Read our exclusive interview with actress Joanna Sotomura, who portrays Brooke in the upcoming horror thriller ‘Madison County.’ The film, which was directed by Eric England, follows a group of college students who travel to a small mountain town to interview the author of a tell-all book about a string of murders there. However, when the groups arrives in Madison County, everyone says the author hasn’t been there in years, the killer never existed and the murders never happened. Sotomura discusses with us, among other things, what attracted her to the role, and what it was like working with England and the rest of the cast.
ShockYa (SY): You play Brooke in the upcoming ‘Madison County.’ What was it about the script that you found intriguing, and convinced you to appear in the movie?
Joanna Sotomura (JS): Well, I love the fact that Eric did a really great job of setting up these characters. They all have dreams and ambitions. They’re all about to do things with their lives. So the fact that the movie starts off, and they don’t immediately get killed off, is appealing to me. I love that these are real people.
SY: How did you get into the mindset of Brooke? How did you prepare for the role?
JS: Well, I read the script a lot. Eric made me watch a whole slew of horror movies, which helped me get into the genre. But for Brooke, she’s fairly easy to get into. She’s a sweet, fun girl who’s ready to graduate from college and start this life for herself. She’s a lot like me, she’s ambitious. She was no problem getting into.
SY: The characters living in Madison County convince Brooke and her friends that the killer they’re researching never existed. Do you think one of the psychological effects people suffer from after their friends and family are murdered is to try to deny the deaths ever happened?
JS: Oh, absolutely, especially if you really loved someone, if they’re part of your family. The last thing you want to do is expose them and hurt them, you always want to justify their actions, because you love them. I think that’s what a lot of the town did. They saw this person as one of their own.
SY: Brooke is described as being free-spirited. As the plot unfolds, do you think her personality is affected, or changed, by the course of events?
JS: Oh, absolutely. I think she starts to catch on that things are starting to get eerier and eerier, and she’s slowly becoming more aware of her surroundings. Before, she was just a college kid, and it was just a creepy town. But then she starts to believe that things are starting to get a little too real. She definitely changes as the movie progresses.
SY: ‘Madison County’ features numerous up-and-coming actors, yourself included. Given that several of the cast members are relatively new to movies, did that help you bond while filming?
JS: Oh, yeah. The girl that actually plays my best friend in the movie, Natalie (Scheetz, who portrays Jenna), actually became my best friend while shooting. Everyone was so connected, because we’re up-and-coming. Eric is an up-and-coming director. Everyone was so passionate and excited about working on this project together. I think it helped us bond, and we put 110 percent into it.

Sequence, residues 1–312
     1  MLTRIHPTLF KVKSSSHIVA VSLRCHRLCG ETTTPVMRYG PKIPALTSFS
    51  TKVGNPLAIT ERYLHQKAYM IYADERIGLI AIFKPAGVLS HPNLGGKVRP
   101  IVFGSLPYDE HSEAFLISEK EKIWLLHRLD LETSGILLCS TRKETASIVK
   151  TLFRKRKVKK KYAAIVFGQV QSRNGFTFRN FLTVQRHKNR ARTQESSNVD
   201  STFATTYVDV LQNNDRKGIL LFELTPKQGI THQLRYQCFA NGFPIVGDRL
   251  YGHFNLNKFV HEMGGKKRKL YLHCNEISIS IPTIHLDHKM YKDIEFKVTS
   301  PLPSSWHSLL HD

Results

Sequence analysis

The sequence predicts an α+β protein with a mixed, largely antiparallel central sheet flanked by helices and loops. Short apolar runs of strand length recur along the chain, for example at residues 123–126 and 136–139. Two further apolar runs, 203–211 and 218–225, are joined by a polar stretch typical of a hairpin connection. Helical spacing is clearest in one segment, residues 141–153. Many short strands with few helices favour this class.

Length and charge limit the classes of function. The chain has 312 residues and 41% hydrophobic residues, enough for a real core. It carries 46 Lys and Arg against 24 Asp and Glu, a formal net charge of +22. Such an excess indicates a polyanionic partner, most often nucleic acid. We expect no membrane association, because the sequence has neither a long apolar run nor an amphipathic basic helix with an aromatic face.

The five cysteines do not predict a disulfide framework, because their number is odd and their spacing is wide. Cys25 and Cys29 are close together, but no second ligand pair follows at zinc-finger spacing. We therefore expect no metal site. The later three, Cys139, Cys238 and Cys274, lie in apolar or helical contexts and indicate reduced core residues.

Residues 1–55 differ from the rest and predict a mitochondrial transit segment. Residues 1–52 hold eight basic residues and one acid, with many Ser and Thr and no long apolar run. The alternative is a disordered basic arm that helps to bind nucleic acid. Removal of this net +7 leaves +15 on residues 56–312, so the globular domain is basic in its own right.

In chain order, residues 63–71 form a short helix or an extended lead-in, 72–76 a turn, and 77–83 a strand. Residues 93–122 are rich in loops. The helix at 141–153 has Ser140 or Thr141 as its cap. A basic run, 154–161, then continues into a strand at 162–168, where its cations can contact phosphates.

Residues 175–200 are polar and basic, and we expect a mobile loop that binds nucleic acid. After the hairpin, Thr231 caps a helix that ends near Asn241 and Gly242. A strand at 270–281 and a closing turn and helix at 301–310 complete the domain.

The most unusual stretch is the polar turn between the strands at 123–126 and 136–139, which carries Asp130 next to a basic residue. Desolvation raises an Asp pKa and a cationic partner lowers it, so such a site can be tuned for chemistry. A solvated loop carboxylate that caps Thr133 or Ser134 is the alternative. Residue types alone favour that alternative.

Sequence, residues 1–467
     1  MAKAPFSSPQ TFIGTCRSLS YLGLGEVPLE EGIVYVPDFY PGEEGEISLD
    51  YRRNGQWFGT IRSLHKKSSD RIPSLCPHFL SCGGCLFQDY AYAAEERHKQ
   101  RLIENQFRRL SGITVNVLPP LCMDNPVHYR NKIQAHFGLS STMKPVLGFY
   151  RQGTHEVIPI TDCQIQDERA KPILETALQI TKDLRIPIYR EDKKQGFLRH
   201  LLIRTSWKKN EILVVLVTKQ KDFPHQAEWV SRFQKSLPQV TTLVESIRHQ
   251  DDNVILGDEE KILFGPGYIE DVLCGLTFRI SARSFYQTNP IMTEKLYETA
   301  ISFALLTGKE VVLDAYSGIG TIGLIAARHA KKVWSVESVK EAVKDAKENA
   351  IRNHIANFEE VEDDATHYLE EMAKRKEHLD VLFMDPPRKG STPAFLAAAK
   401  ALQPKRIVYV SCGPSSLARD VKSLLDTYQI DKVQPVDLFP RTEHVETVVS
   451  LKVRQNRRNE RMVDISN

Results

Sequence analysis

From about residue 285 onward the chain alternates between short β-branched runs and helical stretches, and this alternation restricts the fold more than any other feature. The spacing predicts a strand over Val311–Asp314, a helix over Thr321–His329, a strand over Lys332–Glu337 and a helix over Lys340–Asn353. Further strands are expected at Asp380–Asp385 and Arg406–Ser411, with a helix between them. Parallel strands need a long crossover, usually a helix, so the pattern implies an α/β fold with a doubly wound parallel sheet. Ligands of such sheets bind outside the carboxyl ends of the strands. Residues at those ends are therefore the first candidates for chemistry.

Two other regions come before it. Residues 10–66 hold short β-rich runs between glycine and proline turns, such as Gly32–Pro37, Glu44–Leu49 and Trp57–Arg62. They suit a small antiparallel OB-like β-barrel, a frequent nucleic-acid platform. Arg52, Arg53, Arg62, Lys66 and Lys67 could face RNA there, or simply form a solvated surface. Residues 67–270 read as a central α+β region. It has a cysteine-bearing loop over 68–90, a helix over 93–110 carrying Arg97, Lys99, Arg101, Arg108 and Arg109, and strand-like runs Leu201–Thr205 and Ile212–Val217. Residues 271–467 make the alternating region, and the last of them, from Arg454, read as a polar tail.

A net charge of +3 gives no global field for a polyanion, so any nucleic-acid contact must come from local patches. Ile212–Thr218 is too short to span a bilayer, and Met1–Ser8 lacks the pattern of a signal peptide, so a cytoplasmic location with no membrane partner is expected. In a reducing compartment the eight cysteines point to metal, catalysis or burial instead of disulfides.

SY: Nick Principe, who plays Damien in ‘Madison County,’ has made a name for himself in the horror genre. Did he give you and the rest of the cast any acting advice while shooting?
JS: Well, when he first came to the set, he didn’t really hang out with the rest of the actors initially, in the first couple of days. I think he wanted to get into our minds, and just really scare the crap out of us on the set, which he did. He was professional, and so much fun to work with, but he was definitely terrifying.
SY: ‘Madison County’ was the second film Eric directed. What was it like working with him, given that he was a relative newcomer, like you said?
JS: He was fantastic. This was his pet project, so he was crazy passionate about it. He has a very natural and exciting way of setting up a scene, and encouraging the actors to get the performances he wanted. He was just charming and fantastic and just a complete sweetheart to work with on set. It was funny, you see this sweet southern boy with a love for blood. (laughs) It worked well.
SY: ‘Madison County’ is set to have its world premiere at this year’s ScreamFest in L.A. What was your reaction when you found out it would be premiering there?
JS: I was so ecstatic. I was making toast, and I burnt my kitchen, because I kept e-mailing it to people, my friends and family. I’m so excited. I think it’s the perfect venue to premiere this movie. I’m so proud of everyone, and I cannot wait for next Monday (October 17). I can’t wait for the premiere.
SY: You’re also known for appearing on ‘Criminal Minds: Suspect Behavior’ earlier this year. What was filming the show like, compared to filming ‘Madison County?’
JS: Film and television are night and day. I booked it (‘Criminal Minds’) probably a couple of weeks after we wrapped ‘Madison.’ But it was great. Both crews were wonderful. On ‘Criminal Minds,’ I got to meet Forest Whitaker and Janeane Garofalo, who’ve I’ve idolized for years. It was fun, but it was definitely different. You went from an independent film in the woods of Arkansas to this nice, clean set in Burbank. It was two sides of wonderful, it was so much fun.
SY: Do you prefer television over movies? Do you like one medium over the other?
JS: No, absolutely not. I love acting, so whatever puts me out there, I will gladly do.
SY: Do you have any upcoming projects lined up?
JS: Not yet. I’ve been reading a couple of scripts, pretty good horror scripts. I’m looking for different projects, and hopefully get another horror film, or film in general, that is as good and fun as ‘Madison County.’
Written by: Karen Benardello